Archive for the ‘Reviews’ Category

Mighty Morphin Power Rangers: The Movie

Thursday, July 2nd, 2015

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RELEASE DATE: June 30
RELEASE DATE: June 30

MIGHTY MORPHIN POWER RANGERS: THE MOVIE is easily the crappiest movie in my Summer of ’95 retrospective so far. Maybe less offensive than BATMAN FOREVER, since it doesn’t seem to be made by professionals who should know any better, but it’s really something. I know it’s an extension of a cheesy kids TV show made up partly of stock footage from Japanese shows, but it’s amazing that a soundtrack album and a little bad CGI was enough to get this into theaters alongside real movies. APOLLO 13 and

JUDGE DREDD came out the same day. Watching it 20 years later POWER RANGERS does not seem like it belongs in the company of either, and the dark, low quality transfer on the DVD isn’t helping things. It didn’t get completely killed at the box office, though. That weekend it came in below APOLLO 13, POCAHONTAS and BATMAN FOREVER, but above JUDGE DREDD.

Like APOLLO 13 this is the story of an elite team of squares chosen to put on uniforms and helmets and fly into space. The Power Rangers are five teenagers chosen by a giant face in a glass tube named Zordon (Nicholas Bell, DARK CITY) to “transform into a superhuman fighting force” and defend the Australian-looking city of Angel Grove, California. That means morphing into masked and color-coded martial arts super heroes and piloting robotic dinosaurs called Zords that combine into a bigger, humanoid robot called Megazord to fight giant monsters. In their spare time the Power Rangers like to skydive, rollerblade and act as role models to local children who don’t know they’re the Power Rangers because it’s a secret identity, although that is never relevant to the story. As far as we see, none of them have parents, schools, jobs, homes or alone time. (read the rest of this shit…)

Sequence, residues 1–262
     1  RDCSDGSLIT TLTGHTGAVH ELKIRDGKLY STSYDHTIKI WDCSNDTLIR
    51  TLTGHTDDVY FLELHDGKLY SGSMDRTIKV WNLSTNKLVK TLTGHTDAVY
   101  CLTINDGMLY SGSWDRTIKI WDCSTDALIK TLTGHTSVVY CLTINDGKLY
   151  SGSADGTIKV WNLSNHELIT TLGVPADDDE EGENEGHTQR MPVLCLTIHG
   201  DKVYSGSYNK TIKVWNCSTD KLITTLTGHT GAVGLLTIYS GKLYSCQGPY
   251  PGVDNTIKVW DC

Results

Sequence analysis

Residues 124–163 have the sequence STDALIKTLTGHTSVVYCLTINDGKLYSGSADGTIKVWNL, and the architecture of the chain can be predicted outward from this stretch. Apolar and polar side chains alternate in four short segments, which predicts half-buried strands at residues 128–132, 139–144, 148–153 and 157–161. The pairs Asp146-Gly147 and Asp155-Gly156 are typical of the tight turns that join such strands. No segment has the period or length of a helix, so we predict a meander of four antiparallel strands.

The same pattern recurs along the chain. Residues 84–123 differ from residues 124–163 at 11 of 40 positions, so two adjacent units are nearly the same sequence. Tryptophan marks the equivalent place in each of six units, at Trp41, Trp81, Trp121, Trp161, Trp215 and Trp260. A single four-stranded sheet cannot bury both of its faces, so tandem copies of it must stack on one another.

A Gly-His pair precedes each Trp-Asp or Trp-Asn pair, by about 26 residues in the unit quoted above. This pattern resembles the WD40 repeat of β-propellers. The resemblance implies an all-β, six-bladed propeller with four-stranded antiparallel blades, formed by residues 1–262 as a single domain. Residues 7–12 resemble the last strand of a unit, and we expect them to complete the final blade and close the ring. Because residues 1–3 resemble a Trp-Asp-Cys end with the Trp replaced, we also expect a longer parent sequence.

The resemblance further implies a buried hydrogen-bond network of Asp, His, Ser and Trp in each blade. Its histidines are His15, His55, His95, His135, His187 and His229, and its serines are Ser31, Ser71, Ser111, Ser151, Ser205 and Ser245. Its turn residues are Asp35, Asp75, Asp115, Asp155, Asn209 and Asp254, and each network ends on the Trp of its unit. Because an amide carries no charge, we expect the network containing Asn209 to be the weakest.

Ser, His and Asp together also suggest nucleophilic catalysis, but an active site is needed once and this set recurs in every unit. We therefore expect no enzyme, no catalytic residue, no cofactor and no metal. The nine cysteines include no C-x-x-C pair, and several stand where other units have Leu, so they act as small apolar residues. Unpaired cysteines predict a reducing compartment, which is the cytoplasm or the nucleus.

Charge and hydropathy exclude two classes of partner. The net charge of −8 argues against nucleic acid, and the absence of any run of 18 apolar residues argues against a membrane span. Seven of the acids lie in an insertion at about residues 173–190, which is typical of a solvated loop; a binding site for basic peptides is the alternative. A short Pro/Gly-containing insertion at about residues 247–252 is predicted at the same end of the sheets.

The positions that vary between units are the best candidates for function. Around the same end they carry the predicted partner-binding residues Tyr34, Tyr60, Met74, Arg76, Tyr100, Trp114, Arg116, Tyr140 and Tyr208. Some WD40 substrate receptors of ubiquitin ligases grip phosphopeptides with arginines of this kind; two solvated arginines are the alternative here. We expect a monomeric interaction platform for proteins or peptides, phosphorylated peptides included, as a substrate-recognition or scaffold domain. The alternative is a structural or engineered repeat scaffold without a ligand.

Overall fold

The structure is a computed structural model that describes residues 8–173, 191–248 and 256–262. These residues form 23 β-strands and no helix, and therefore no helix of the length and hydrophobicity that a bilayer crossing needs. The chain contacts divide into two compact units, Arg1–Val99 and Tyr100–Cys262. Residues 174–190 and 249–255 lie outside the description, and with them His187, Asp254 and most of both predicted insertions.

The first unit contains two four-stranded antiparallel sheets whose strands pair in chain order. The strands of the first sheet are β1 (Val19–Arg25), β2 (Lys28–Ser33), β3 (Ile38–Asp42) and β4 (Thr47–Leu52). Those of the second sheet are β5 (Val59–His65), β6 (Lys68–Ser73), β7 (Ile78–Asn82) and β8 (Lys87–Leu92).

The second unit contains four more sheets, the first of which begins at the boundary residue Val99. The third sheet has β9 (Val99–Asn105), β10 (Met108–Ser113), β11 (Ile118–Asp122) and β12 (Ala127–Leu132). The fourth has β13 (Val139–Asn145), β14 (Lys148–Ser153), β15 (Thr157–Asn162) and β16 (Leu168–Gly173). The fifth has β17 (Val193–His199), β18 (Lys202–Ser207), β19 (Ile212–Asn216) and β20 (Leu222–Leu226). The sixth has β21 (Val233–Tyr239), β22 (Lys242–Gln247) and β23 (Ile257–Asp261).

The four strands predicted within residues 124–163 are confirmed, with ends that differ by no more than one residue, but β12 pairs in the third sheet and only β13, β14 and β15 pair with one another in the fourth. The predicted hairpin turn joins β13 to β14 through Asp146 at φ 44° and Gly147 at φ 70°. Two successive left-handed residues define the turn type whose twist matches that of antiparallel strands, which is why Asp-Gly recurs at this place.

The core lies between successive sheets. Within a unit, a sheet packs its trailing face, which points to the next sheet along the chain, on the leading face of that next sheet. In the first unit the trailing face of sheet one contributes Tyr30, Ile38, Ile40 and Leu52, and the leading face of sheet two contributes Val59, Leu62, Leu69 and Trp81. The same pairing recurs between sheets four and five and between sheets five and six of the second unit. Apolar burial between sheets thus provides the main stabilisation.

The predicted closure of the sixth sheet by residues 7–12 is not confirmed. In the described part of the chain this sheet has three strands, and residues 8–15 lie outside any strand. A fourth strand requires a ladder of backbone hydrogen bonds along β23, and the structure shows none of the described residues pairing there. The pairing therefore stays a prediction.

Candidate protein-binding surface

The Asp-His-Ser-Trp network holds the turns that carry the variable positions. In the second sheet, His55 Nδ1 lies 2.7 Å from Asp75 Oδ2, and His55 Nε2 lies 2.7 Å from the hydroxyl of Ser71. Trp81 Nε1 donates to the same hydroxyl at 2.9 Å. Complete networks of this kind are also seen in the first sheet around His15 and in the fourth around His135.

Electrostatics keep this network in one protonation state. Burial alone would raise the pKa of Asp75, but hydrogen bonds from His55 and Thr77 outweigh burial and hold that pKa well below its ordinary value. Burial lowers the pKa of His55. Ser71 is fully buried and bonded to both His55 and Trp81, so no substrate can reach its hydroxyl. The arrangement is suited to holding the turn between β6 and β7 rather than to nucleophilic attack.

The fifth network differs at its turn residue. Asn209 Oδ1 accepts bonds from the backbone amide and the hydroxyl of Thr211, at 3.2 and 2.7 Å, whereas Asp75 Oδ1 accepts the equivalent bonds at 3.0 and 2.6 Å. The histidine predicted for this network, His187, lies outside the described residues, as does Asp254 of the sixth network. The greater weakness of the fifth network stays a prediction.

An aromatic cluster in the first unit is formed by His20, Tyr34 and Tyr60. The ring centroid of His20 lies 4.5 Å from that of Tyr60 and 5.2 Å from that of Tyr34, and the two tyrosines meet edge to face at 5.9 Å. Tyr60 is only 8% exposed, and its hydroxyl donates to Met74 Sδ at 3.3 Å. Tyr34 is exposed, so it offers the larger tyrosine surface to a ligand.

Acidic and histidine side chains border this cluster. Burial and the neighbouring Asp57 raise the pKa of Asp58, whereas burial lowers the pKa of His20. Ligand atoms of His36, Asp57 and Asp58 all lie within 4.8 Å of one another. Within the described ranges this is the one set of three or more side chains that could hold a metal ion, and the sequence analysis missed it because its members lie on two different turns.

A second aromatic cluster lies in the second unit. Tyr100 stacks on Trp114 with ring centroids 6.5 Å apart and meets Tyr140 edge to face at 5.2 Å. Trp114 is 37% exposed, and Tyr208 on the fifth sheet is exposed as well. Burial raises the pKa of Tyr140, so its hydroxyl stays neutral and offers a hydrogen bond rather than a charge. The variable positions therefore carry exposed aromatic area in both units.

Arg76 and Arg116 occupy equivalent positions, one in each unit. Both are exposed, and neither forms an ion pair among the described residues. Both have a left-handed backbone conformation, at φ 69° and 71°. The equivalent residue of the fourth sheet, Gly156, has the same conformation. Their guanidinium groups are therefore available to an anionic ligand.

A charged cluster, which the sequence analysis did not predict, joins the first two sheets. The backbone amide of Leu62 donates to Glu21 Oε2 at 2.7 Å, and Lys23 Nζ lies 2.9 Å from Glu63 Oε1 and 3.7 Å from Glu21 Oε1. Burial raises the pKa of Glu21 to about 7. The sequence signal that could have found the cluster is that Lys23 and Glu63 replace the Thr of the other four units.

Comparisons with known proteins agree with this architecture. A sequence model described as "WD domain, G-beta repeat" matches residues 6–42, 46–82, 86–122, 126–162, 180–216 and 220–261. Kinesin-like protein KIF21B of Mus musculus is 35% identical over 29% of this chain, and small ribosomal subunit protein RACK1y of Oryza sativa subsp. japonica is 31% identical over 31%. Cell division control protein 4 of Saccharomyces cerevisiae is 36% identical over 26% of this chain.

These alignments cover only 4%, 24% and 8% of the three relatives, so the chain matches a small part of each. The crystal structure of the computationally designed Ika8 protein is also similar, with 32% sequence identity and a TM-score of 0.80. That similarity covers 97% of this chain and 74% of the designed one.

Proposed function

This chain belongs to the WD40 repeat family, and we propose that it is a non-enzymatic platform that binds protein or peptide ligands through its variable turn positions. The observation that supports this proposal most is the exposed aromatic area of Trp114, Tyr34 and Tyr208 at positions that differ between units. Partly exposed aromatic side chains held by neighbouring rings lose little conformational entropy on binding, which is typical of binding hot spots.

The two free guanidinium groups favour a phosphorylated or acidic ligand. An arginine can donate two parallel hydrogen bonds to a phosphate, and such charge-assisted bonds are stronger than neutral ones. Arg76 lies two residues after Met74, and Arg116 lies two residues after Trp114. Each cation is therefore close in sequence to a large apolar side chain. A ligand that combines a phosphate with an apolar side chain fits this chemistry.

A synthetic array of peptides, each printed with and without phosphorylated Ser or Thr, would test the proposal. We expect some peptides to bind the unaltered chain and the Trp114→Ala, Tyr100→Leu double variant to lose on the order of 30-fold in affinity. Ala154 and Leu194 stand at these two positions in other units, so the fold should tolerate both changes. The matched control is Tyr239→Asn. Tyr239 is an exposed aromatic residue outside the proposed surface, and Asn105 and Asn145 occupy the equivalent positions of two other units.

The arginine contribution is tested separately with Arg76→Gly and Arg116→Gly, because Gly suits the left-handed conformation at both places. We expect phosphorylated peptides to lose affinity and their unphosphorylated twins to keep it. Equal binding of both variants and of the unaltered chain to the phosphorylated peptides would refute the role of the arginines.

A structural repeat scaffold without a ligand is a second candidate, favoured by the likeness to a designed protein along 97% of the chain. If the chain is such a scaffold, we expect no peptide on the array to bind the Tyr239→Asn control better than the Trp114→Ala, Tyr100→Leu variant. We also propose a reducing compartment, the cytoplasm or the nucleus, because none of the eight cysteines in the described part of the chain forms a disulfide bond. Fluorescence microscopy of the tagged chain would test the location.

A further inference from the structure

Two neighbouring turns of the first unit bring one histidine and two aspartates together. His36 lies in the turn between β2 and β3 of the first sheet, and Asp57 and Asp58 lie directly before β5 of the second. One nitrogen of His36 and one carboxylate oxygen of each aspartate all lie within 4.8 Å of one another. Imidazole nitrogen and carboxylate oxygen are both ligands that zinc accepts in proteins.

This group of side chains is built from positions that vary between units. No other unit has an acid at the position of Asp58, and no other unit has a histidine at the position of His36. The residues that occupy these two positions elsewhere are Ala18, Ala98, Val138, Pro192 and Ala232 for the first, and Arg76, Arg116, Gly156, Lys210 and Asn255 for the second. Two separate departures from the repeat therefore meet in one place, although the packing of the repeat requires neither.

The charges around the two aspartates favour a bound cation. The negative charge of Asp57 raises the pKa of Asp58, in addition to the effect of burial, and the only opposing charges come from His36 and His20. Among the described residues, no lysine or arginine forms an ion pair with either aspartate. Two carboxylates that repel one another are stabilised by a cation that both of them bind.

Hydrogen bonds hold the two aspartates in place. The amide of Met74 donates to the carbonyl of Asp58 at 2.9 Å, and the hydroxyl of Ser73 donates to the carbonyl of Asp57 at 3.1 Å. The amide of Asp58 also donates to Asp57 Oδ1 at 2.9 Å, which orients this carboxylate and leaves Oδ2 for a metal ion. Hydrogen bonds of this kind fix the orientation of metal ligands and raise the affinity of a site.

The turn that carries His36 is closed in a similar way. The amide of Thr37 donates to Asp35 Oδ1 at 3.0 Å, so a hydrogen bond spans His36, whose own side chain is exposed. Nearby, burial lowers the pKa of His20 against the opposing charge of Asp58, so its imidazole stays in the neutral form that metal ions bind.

Terminator Genisys [sic]

Wednesday, July 1st, 2015

tn_terminatorgNote: if you know nothing about this movie, this review has lots of spoilers. However, every major twist is given away in the advertising, one of them even on the poster.

There’s a cool, clever idea near the beginning of TERMINATOR GENISYS. We start out in the post-Judgment Day future, where the resistance leader John Connor (now played by Jason Clarke of ZERO DARK THIRTY) is about to destroy Skynet and its army of machines. But Skynet has just sent a T-800 (played by a body double with a digital-young-Arnold-Schwarzenegger head) back to 1984 to kill his mother Sarah Connor (now played by Emilia Clarke from Game of Thrones, not to be confused with Lena Headey from Game of Thrones, who played her on Terminator: The Sarah Connor Chronicles) before she conceives him. So John sends his best soldier (and secret father) Kyle Reese (now played by Jai Courtney from JACK REACHER and who would have been in the fifth DIE HARD if they had made one but there is not one in my opinion) back in time to protect Sarah. You know, the plot of THE TERMINATOR.